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Late crime writers' influence lives on

June 12th, 2018 3:18 PM

By Michael Romain

Staff Reporter

The posthumous recognition for Oak Park and River Forest High School graduate Michelle McNamara continues. The now-famous author and crime blogger was among three nominees selected to receive OPRF's Tradition of Excellence Award. 

The award, established by the Class of 1982, is given each year to alumni "who have made outstanding contributions to society through their personal and professional pursuits," according to the award's web page. 

McNamara, who died in 2016, started writing articles about a serial killer, rapist and burglar who was active in California from 1974 to 1986. McNamara coined the term, Golden State Killer, to refer to the suspect, and wrote a true crime book, I'll Be Gone in the Dark: One Woman's Obsessive Search for the Golden State Killer, which was published in February and is currently being adapted into a documentary series by HBO.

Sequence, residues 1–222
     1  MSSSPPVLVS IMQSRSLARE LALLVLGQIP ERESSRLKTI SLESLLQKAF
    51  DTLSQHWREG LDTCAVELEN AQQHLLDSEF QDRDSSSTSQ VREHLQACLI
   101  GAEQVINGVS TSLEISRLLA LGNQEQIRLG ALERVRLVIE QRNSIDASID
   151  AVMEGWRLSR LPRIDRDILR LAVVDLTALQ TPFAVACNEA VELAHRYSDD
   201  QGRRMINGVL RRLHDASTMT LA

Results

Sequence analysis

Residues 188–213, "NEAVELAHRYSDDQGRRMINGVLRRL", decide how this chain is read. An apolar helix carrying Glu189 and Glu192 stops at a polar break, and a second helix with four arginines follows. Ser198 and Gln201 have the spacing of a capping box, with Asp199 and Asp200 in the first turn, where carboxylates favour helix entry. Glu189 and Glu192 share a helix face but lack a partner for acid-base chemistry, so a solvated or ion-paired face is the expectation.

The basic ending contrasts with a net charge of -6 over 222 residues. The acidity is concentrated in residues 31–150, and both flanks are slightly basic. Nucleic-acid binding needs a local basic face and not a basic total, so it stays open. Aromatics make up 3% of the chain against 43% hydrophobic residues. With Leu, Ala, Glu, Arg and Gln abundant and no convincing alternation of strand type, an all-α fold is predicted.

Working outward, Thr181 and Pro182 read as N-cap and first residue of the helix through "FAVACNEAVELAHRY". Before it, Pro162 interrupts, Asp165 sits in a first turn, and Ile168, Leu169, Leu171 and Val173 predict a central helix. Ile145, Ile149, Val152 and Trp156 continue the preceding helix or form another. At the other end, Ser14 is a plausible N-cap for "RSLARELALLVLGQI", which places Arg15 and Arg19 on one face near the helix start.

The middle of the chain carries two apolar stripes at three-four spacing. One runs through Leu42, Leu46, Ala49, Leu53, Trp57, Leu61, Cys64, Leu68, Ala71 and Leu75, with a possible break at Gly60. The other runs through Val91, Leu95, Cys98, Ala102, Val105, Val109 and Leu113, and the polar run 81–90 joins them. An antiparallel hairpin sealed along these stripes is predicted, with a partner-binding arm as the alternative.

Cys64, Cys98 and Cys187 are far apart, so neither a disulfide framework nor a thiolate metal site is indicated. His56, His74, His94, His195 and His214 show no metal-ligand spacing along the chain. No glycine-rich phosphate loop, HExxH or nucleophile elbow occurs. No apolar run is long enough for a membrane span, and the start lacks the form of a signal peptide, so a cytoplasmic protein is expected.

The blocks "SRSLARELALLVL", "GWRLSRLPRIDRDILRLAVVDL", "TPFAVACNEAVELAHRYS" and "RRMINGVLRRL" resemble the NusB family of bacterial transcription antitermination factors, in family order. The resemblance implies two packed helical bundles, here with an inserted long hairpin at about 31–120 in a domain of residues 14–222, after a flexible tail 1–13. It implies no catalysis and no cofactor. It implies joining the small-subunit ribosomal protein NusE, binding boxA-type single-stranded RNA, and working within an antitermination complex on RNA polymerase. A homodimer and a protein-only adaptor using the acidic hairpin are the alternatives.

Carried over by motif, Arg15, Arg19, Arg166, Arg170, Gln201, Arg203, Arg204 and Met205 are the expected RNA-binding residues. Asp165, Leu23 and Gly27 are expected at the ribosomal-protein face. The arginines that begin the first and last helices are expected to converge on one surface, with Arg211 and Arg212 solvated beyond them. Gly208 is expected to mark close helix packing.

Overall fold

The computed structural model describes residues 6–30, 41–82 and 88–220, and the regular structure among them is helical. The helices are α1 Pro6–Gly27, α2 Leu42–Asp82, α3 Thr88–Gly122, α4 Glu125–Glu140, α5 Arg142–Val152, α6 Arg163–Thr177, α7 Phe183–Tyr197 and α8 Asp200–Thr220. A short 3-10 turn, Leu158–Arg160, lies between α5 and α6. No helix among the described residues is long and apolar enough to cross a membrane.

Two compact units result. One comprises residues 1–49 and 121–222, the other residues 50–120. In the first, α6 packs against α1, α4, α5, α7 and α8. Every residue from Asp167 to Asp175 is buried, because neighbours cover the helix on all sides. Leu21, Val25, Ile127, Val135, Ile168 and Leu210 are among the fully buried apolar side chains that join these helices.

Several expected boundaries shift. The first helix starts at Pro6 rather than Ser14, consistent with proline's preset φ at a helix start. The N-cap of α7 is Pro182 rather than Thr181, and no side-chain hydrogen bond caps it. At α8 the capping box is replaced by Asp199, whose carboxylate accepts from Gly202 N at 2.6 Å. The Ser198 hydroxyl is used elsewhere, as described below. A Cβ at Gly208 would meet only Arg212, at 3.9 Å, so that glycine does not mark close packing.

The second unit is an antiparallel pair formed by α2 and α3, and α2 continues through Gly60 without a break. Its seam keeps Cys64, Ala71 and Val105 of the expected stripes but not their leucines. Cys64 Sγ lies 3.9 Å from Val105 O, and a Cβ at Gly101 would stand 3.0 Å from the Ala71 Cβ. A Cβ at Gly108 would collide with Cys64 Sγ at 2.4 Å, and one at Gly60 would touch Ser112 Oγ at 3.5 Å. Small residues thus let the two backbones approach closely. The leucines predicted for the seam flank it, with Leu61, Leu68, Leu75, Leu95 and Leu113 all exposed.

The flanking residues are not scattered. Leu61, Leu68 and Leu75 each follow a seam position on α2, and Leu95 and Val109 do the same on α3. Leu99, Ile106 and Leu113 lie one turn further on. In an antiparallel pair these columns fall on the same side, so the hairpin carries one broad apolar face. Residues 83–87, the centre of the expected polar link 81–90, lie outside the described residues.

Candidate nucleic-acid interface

In April, authorities captured Joseph James DeAngelo, whom they suspect is the Golden State Killer. McNamara's widower, Patton Oswalt, said his late wife's work helped lead to DeAngelo's arrest. 

  According to OPRF officials, McNamara worked on the school newspaper, Trapeze, when she attended OPRF. She said she became interested in true crime stories because of the case of an Oak Park woman who was murdered when the author was 14. 

The other two Tradition of Excellence nominees, whom the D200 school board approved at a regular meeting on May 24, are influential architect Alvin Holm and Paul Roach, a board-certified surgeon. 

Michael Romain 

Contact:
Email: michael@oakpark.com

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